Just … a pity.

Sources:
Council Archive files, especially those copied by Mike Butler and lodged at Avondale Library.
Heart of the Whau, 2003.

Update, 23 December: Positive news from the Whau Local Board, which has decided to look at ways to keep the building. More here.

6 comments:

  1. It should remain there Lisa. It's been part of everyone's lives somewhere along the way. I still remeber the trolley bus coming down in the late '70's stopping then the driver changing over the couplings. And for years the old timeclock was there where the ARA bus drivers would punch in the arrival time then get back on and off we'd go. Plunket would do their clinics there. Used to see mothers there now and then. Things change but with this there is no reason for it to be removed.

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  2. Thanks for that, Liz. I'd really be quite sad if that wee building went. I'd get to that point walking home from Avondale College on hot summer days, and know I was a fair way on the way home.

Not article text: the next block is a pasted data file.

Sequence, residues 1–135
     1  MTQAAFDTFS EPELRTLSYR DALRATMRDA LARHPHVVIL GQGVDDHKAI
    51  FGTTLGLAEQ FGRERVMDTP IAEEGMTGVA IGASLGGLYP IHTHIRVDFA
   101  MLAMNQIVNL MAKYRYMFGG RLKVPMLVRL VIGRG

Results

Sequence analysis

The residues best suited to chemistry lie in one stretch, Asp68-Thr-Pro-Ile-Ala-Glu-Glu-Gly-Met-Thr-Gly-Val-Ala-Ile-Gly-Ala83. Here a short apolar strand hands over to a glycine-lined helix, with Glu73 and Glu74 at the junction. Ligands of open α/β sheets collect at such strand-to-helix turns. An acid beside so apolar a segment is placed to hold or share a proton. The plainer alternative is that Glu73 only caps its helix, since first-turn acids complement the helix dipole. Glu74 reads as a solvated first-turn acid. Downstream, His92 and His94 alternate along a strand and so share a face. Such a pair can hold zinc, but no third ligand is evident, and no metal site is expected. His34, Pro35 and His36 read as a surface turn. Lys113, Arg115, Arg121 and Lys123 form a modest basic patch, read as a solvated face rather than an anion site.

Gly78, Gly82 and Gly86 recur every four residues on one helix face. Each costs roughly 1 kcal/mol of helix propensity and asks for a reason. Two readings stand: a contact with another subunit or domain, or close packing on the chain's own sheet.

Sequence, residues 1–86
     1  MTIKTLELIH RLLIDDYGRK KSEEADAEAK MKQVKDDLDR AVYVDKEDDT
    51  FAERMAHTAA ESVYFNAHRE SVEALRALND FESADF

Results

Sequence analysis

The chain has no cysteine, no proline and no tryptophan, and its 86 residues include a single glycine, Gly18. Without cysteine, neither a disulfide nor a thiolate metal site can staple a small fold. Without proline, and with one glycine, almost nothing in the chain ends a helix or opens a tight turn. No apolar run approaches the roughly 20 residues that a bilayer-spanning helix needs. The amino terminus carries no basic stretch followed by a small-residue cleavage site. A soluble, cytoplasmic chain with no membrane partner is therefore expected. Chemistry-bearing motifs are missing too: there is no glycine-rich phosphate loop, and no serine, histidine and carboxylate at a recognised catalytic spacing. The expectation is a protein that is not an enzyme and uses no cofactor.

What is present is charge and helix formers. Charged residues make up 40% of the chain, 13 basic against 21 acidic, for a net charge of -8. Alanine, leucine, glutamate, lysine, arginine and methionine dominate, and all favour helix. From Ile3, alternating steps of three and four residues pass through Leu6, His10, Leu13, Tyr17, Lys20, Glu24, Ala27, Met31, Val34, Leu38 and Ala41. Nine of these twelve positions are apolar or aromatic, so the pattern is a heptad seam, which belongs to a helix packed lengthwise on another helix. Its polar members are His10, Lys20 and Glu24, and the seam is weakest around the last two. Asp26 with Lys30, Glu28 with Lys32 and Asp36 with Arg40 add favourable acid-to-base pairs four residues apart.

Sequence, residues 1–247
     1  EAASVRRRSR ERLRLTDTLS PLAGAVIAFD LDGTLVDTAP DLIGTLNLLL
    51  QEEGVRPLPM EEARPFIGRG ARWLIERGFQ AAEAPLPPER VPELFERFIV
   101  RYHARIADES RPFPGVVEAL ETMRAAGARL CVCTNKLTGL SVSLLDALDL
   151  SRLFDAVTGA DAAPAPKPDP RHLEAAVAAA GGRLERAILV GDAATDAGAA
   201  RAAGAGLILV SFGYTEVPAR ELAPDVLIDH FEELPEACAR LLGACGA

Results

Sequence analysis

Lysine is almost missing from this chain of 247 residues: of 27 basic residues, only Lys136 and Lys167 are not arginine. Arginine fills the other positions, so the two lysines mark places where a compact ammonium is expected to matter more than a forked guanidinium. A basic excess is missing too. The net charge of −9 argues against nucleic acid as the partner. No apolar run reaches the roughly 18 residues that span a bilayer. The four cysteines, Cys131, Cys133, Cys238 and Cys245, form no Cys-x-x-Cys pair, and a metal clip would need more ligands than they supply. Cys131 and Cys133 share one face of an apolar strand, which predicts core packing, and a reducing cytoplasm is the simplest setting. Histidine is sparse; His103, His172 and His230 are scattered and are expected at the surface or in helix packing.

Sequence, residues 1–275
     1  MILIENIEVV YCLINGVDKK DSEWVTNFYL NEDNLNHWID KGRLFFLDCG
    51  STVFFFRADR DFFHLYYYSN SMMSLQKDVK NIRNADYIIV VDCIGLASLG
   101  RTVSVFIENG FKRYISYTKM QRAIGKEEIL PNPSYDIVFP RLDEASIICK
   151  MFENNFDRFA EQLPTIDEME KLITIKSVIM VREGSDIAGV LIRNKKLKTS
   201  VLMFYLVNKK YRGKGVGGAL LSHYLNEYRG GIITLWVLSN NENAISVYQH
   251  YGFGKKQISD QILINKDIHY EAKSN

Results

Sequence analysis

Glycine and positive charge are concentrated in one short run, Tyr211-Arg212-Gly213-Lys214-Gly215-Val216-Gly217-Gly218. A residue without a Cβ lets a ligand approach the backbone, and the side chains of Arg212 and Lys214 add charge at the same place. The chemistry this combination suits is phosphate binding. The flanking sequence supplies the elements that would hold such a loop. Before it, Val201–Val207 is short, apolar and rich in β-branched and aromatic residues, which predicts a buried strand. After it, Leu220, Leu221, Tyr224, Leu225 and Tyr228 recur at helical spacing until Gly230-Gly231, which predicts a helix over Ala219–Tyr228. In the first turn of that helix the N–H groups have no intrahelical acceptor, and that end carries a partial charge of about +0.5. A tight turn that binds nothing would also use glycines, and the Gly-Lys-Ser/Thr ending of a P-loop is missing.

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  3. Unlike yourself Lisa, I was a Plunket baby as were my elder brother and younger sister. I can still picture in my minds eye (right down to the cream wicker pram that my sister rode in) going with Mum when she took sister and myself for our checkups with the Plunket Nurse. It would be a shame to see the building disappear, lets preserve it for awhile longer..at least until those who used it's services are cease to remember!

    Gail

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  4. I agree, Gail. Write to the Whau Local Board and tell them how you feel.

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  5. It reminds me of when I lived in Marrickville a few years ago and the council decided to sell off the teeny, tiny public toilet on one of the main streets that was squished between two tall buildings and really not good for much. It sold for something incredulous like $400,000 or more. We just couldn't believe that anyone would pay that much for it. They refitted it and turned it into a mobile phone store!

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  6. Well, there's already one of those here. I just hope it is reused as something, instead of being torn down. Fingers are crossed.